Muscle is a good thing. It helps burn more fat. Stop weighing your self so often. I track my weight once a week but try weigh myself 3 times. Only weigh in after cardio. It will look even better that way.
Since a scale only measures the force of gravity on you at the time you weight yourself it does not adjust for the infinite number of variables which can affect that reading. Try and experiment weight yourself three times in one day wearing the same clothing spacing the weigh ins at 5 hour intervals. Do this for several days in a row and you will do one of two things, throw your hands up in defeat or more validly throw your scale away.
Save the scale for weighing your food portions so you can accurately control your nutrition.
Fitness Minutes: (14,252)
9,625 2/12/13 8:58 A
Just to clarify, when you are "toning", no, you are not actually gaining muscle.
In order to truly gain muscle (of the sort that can show up on the scale as a gain) you have to eat at a calorie surplus (and yes, gain fat as well), and be training to gain muscle. It's nearly impossible to do this on a calorie deficit (what most of us trying to lose weight are eating at). The process of building muscle takes months or years... not hours, days, nor weeks.
You can't "pile on muscle". Although if you were, it would take up less room than the fat, and look better. ;) It's impossible to burn calories and not any fat at all, so rest easy.
This is also why the whole "lift light for lots of reps to avoid bulking up" thing is a total myth. Our bodies don't work that way. :)
Here's a great article that dispels many of the common myths about strength training.
I 'gain' about 1-2lb of water weight and I put it down to ST. BUT it is important to remember that if you keep up with ST (and the cardio and the healthy diet) your weight will go down from fat loss.
Fitness Minutes: (112,042)
46,222 2/11/13 9:15 P
Remember our weight is not a static number...there are so many factors that can cause a shift up or down in our weight.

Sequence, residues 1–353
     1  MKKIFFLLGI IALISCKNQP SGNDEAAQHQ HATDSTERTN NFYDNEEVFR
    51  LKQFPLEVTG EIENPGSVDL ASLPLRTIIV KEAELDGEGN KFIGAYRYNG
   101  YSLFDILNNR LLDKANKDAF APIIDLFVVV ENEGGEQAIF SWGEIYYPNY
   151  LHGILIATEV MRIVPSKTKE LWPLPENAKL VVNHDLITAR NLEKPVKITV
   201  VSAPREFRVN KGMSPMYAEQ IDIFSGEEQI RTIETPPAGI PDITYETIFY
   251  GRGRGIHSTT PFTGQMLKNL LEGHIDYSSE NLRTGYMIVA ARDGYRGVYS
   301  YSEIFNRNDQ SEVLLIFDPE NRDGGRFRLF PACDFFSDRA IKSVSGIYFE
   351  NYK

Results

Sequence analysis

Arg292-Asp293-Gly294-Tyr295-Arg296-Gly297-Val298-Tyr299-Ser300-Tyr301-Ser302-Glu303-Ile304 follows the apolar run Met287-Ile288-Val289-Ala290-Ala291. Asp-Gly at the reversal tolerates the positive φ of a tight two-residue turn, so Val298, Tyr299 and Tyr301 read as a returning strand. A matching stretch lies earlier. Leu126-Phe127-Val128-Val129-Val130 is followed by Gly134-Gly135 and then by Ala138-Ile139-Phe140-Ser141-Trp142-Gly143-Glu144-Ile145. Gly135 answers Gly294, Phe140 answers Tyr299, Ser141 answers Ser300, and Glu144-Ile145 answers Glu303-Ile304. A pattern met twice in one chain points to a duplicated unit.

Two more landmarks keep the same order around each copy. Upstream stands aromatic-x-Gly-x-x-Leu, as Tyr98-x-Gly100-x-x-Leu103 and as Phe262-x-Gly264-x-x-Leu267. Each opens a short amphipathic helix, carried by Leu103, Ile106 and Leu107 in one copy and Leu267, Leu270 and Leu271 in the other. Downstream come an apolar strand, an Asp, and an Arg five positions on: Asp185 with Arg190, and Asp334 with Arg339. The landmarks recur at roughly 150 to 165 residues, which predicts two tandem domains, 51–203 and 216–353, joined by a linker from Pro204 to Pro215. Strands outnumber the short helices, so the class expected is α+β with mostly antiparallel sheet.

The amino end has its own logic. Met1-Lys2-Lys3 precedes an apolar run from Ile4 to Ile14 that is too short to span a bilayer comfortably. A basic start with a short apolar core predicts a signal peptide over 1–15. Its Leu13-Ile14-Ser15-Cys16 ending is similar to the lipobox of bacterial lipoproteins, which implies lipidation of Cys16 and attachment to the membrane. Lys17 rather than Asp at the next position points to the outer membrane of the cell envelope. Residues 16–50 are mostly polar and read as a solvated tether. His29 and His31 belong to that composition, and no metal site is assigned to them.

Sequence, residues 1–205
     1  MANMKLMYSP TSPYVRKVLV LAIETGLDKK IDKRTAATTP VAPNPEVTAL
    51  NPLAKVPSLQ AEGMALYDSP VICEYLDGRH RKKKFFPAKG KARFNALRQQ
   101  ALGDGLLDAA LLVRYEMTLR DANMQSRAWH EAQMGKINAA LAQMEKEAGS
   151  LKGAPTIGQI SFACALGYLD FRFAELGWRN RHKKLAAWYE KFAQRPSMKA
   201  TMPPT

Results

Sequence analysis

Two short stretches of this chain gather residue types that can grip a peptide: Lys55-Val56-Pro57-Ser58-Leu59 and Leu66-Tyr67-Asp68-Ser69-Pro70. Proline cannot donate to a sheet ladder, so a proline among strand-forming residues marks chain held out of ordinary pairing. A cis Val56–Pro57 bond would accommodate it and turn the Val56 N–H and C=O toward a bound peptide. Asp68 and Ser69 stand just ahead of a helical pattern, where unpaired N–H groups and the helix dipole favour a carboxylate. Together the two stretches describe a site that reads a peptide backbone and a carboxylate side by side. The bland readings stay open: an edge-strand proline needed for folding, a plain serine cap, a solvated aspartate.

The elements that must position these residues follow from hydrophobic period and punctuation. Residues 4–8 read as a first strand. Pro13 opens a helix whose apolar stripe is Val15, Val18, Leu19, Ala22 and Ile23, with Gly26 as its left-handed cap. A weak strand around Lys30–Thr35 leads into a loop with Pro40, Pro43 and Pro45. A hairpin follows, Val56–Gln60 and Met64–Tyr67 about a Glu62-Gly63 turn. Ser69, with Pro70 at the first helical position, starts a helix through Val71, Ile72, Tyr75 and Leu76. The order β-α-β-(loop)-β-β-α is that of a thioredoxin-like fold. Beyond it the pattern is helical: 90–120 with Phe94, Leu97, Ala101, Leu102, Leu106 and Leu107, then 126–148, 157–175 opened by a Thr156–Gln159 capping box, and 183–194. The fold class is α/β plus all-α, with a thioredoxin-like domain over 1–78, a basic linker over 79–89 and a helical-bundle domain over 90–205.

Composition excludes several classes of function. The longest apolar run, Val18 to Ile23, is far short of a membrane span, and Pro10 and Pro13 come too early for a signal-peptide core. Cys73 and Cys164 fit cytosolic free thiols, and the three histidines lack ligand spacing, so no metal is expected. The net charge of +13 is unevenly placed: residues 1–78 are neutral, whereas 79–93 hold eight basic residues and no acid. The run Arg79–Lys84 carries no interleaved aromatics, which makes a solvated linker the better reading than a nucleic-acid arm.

It's not unusual when you up your workout routine or add new exercises into the mix for your body's weight to vary. The reason-- your body begins storing more fuel in your muscle cells, where it can be used easily and quickly to fuel your workouts. The process of converting glucose (carbohydrates) into fuel that your muscles actually store and use (glycogen) requires three molecules of water for every molecule of glucose. As your muscles are building up glycogen stores, your body has to retain extra water for this purpose. That's what causes most of the initial weight gain or lack of weight loss. This is a good thing—not something to worry about.
However, despite what the scale says, you are actually losing fat during this time. The extra water retention will stop once your body has adjusted to its new activity level. At that point, the scale should start moving down. You'll end up with less fat, and muscles that can handle a larger amount of work.
Hang in there and try not to allow the scale to dictate your progress.
Does that mean you're weighing yourself every day? If it were me, I'd only weigh once a week, which is generally what I've found recommended, plus I've found it eliminates obsessing over the weight. Good luck!
When I do aerobic exercises like running the scale says im a losing weight but when I do toning exercises I either gain or do not lose. I know when you are toning you increase muscle but if the scale is not going down I am afraid I am piling on muscle but not getting rid of fat. I do not know what to do. I eat a low carb diet. About 40g a day.
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